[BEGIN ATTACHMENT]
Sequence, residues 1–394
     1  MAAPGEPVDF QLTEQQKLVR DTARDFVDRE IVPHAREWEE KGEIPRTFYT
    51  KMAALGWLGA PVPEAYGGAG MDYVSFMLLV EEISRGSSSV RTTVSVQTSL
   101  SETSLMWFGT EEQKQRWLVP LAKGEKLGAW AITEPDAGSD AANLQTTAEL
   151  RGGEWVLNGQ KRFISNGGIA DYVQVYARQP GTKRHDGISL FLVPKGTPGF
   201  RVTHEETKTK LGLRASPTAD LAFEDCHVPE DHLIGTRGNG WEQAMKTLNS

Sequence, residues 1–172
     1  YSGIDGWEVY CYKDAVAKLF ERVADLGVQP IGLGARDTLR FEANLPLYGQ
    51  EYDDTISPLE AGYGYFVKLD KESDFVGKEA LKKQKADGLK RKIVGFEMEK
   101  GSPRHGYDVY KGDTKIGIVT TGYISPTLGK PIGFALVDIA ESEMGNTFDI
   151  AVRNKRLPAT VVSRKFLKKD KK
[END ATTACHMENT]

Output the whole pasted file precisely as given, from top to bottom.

Sequence, residues 1–394
     1  MAAPGEPVDF QLTEQQKLVR DTARDFVDRE IVPHAREWEE KGEIPRTFYT
    51  KMAALGWLGA PVPEAYGGAG MDYVSFMLLV EEISRGSSSV RTTVSVQTSL
   101  SETSLMWFGT EEQKQRWLVP LAKGEKLGAW AITEPDAGSD AANLQTTAEL
   151  RGGEWVLNGQ KRFISNGGIA DYVQVYARQP GTKRHDGISL FLVPKGTPGF
   201  RVTHEETKTK LGLRASPTAD LAFEDCHVPE DHLIGTRGNG WEQAMKTLNS

Sequence, residues 1–172
     1  YSGIDGWEVY CYKDAVAKLF ERVADLGVQP IGLGARDTLR FEANLPLYGQ
    51  EYDDTISPLE AGYGYFVKLD KESDFVGKEA LKKQKADGLK RKIVGFEMEK
   101  GSPRHGYDVY KGDTKIGIVT TGYISPTLGK PIGFALVDIA ESEMGNTFDI
   151  AVRNKRLPAT VVSRKFLKKD KK